“Over the past 40 years, real estate has gone up an average of 4.62% per year,” says onemorerental.com, a real estate investment website. ‘The combination of accelerating equity pay-down (with each payment, you pay more principle and less interest), and appreciation means that the investor’s equity in any given property will grow exponentially the longer they hold it.”
To homeowners with vivid memories of the Great Recession and crashing home values, the idea of home ownership as a comparatively safe investment may seem hard to swallow. Yet people who could hold on to their homes through that difficult time have seen their values grow back to levels approaching their 2006 peaks.
That experience, while distressing when prices were in a downturn, could be used to argue that home ownership is a stable, slow-growing investment that retains its value in the long run.
The Advantage of Leveraging
What makes home buying a comparatively safe investment? Leverage is the primary reason.
Leverage is defined as “using a loan or some other form of money (basically anyone’s money other than your own) to buy property,” says BiggerPockets.com, a financial website. “Buying a house using a mortgage is a perfect example of leveraging.”hat makes home buying a comparatively safe investment? Leverage is the primary reason.
In the opinion of the writer, real estate is a better investment overall than the stock market. He offers a hypothetical case. “If you invest $20,000 into the stock market, and it goes up 10%, you’ve made $2,000.”
“If you invest that same money into real estate,” he adds, “you can buy a $100,000 property with an $80,000 loan. Let’s say it only goes up 5%. Well, you’ve made $5,000. Or in other words, you’ve made a 25% profit!”
MILLENNIALS WANT SAFETY, PRIVACY, SPACE
“Millennial buyers want to make sure that their money is well spent: Making a sound financial investment is a top goal….This new generation of first time home buyers is focused on safety, privacy, and more space, indoors and out. That’s because millennials’ top reasons for buying a home are that they’re getting married or moving in with a partner, growing tired of their current living space, or planning an addition to the family. Or perhaps all three!! So it’s no wonder that millennial buyers prefer single-family homes (39%) or townhomes (34%). Just 15% are interested in multifamily homes, and 10% in condos. – Cecily Wedge worth, realtor.com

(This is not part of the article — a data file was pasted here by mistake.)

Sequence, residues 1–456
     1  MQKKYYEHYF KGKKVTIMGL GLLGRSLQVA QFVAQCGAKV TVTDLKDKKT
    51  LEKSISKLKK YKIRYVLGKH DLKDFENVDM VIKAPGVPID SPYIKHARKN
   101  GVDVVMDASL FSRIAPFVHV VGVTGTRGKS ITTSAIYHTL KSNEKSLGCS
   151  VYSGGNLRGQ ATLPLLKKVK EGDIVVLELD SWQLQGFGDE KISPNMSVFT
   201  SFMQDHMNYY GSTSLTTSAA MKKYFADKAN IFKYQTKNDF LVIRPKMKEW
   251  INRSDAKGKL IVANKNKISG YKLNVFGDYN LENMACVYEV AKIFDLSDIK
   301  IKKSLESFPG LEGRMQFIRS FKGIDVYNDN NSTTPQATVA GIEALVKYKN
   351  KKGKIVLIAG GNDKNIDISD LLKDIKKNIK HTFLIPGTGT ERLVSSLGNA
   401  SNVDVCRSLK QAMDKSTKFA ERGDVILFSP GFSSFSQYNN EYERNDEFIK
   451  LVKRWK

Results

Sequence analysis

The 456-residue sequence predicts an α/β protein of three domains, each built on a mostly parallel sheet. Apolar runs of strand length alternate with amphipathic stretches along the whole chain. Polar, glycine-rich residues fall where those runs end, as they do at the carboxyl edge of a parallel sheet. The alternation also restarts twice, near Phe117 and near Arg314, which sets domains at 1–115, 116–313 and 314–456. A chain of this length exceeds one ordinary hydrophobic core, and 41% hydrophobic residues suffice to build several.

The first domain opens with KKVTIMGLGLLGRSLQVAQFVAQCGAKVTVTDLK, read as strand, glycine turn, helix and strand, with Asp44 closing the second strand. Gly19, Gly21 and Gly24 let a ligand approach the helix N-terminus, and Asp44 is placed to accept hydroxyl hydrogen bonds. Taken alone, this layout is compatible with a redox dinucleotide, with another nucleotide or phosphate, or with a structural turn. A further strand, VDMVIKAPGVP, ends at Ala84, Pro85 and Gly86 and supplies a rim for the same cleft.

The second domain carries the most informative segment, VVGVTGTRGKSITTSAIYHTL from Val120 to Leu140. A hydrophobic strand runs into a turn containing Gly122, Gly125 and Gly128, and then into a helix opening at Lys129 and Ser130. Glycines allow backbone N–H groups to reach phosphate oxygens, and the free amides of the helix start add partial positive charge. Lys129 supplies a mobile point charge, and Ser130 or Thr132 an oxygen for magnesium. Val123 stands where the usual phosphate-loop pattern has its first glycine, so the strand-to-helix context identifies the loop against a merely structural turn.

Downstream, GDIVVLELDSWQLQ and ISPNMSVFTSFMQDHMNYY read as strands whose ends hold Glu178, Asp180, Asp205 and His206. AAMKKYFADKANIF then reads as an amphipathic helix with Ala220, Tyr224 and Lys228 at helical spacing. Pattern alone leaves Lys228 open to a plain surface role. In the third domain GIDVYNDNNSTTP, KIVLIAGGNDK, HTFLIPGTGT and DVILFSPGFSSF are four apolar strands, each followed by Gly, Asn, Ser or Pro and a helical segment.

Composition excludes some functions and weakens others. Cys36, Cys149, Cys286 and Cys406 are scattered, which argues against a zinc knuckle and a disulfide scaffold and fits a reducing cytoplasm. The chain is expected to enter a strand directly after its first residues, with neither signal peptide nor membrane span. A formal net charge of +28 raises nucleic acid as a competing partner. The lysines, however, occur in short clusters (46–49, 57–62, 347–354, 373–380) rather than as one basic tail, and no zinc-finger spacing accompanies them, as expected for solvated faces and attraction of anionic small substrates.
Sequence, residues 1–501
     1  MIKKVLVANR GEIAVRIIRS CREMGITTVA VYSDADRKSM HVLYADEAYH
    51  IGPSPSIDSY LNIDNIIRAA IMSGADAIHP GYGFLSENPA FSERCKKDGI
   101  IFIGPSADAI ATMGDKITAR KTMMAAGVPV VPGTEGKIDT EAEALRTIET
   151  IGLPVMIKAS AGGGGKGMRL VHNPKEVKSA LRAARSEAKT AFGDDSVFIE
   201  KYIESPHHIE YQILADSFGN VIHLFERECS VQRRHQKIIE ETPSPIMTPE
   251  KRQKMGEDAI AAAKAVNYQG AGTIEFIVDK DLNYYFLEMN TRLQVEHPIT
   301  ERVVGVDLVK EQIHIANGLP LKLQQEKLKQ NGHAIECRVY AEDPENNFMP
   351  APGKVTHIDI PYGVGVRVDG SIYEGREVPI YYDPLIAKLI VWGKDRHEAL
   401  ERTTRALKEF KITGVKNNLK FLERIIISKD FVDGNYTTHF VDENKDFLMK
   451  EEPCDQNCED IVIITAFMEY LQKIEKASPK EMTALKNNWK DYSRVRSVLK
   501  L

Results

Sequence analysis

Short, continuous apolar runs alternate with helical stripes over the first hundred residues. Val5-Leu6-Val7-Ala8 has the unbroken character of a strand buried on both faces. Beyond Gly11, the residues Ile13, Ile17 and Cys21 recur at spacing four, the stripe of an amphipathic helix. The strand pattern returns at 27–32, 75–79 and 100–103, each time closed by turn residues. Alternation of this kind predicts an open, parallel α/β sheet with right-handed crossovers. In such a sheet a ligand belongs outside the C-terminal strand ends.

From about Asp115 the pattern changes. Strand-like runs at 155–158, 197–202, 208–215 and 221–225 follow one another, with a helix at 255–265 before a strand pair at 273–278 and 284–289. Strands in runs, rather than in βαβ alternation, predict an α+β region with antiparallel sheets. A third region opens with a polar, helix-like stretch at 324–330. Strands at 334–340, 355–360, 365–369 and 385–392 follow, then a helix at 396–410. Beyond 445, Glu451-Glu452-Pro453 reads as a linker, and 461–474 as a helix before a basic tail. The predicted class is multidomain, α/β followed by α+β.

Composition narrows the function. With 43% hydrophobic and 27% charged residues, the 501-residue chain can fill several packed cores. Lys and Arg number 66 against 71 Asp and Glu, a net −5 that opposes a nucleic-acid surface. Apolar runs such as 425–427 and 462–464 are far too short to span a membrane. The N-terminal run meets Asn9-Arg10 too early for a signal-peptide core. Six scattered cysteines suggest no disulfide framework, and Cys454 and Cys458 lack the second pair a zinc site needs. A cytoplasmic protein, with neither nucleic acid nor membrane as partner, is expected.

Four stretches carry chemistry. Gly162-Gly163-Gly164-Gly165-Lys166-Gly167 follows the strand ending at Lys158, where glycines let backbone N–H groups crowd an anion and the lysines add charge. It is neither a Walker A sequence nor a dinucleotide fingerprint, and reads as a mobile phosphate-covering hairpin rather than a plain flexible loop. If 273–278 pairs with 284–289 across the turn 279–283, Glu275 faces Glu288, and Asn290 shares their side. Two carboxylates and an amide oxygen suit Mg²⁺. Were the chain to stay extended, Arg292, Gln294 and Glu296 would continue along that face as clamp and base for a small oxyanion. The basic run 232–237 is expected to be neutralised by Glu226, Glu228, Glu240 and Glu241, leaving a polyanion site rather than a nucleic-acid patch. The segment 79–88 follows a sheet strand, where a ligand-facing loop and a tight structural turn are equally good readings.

Buying While Selling
Whether buyers are trading up or scaling down, it’s likely that people in both situations face the same unappealing task: that of selling one home while buying another. As is nearly always the case with real estate, conditions vary from market to market. Even in favorable circumstances, however, selling one home while buying another can be a difficult needle to thread.
Ideally, one wants to sell the old place first, then use the sale proceeds toward a down payment on the new place. Getting the timing right on this can be tricky, however, depending on market conditions. In some cases, for instance, you may be able to sell your old home quickly yet require a much longer time to find a suitable replacement.
People can also make their lives more complicated by doing major work on the new home before they move in. Even without these kinds of logistical issues, it’s hard enough to sell one home and buy another without being caught homeless in between.
People who are simultaneously buying and selling are well advised to make some contingency plans. If you find yourself without an address for a few weeks, you may choose to stay with family, if you’re on exceptionally good terms; others may choose to rent an apartment.
In some cases, however, buyers can be obliging, and are willing to rent back your former home to you on a month-to- month basis, until you find something to buy or make other arrangements.
And Your Next Home?
So far, we have talked about practicalities, in terms of tax treatment, commuting, being close to friends and family and other purely rational considerations. There’s a final factor, however, that only you can answer and that is: What do you want your next home to be?
Nobody else can answer this question for you. If selling one place and buying another can be hard work, finding the exactly right home for you to buy is one of the chief pleasures of moving up. It continues to be The American Dream.